Division and right shift in python

Dave Angel davea at ieee.org
Wed Aug 26 14:18:15 CEST 2009


Mark Tolonen wrote:
> <div class="moz-text-flowed" style="font-family: -moz-fixed">
> "Cevahir Demirkiran" <cevomed at gmail.com> wrote in message 
> news:3f74e020908251648k7b391a09g78b155507b2f23c4 at mail.gmail.com...
>> Hi,
>>
>> I would like to do a floor division by a power of 2 in python to make it
>> faster than / (modular division in 2.x).
>> However, it is slower.
>> What is the reason of that?
>> I checked them via:
>>
>> def f2(x,n):
>>    t1 = clock()
>>    r = x/pow(2,n)
>>    t2 = clock()
>>    print (t2-t1)
>>    print r
>>    t2 = clock()
>>    r = x>>n
>>    t3 = clock()
>>    print (t3-t2)
>>    print r
>>
>
> It's not slower on my system, but note the inconsistent results also:
>
>>>> f2(1024,5)
> 3.47396033483e-06
> 32
> 2.19077375482e-06
> 32
>>>> f2(1024,5)
> 4.84135603429e-06
> 32
> 3.08499440393e-06
> 32
>>>> f2(1024,5)
> 4.6782844052e-06
> 32
> 3.77604384028e-06
> 32
>
> Time it with timeit...
>
> C:\>python -m timeit -n 10000000 -s x=1024 "x>>5"
> 10000000 loops, best of 3: 0.113 usec per loop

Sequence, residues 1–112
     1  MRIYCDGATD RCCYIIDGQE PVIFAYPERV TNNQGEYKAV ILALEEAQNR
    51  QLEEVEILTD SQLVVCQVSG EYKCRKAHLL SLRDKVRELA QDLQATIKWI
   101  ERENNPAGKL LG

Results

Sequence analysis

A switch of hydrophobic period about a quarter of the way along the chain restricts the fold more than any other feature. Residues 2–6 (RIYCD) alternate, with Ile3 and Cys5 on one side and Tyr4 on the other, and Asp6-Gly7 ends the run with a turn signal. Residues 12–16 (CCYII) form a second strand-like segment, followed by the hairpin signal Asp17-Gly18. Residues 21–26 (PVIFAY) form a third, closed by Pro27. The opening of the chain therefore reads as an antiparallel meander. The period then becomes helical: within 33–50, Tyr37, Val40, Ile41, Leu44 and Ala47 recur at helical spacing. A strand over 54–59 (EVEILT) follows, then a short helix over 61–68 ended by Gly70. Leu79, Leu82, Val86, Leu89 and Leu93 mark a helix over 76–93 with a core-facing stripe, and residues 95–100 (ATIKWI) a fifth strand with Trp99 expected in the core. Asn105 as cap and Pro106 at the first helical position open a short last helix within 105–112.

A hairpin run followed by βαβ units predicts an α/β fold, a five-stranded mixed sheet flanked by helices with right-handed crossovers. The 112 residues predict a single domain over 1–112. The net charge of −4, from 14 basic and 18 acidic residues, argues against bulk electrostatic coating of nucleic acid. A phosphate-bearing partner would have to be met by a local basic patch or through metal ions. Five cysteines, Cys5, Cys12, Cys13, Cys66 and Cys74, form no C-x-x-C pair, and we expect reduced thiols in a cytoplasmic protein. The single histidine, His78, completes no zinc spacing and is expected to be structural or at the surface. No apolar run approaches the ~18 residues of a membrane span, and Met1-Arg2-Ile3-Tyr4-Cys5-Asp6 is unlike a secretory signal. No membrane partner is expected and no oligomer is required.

>
> C:\>python -m timeit -n 10000000 -s x=1024 "x/pow(2,5)"
> 10000000 loops, best of 3: 0.468 usec per loop
>
> Right-shift is over 4x faster.
>
> -Mark
>
>
>
> </div>
>
There have been languages and processors in which right shift has been 
notably faster than divide.  But with Python on a Pentium, you're both 
just measuring overhead.  The actual divide or shift is probably less 
than 5% of the time measured.

And that overhead will vary between versions of the interpreter.  I 
measured with Python 2.6.2 on Windows XP, and got

C:\>python -m timeit -n 10000000 -s x=1024 "x>>5"
10000000 loops, best of 3: 0.112 usec per loop

C:\>python -m timeit -n 10000000 -s x=1024 "x/pow(2,5)"
10000000 loops, best of 3: 0.384 usec per loop

But the real overhead is in the function call to pow().  If that had 
been precalculated, then the time for divide is nearly as fast as for 
right shift.

C:\>python -m timeit -n 10000000 -s x=1024 "x/32"
10000000 loops, best of 3: 0.135 usec per loop

And I suspect that some other implementation might well show this 
quicker than the right shift.

I would use whichever code most clearly represents the problem being 
solved.  There are undoubtedly other ways to speed up the code, without 
trying to micro-optimize one expression.

DaveA



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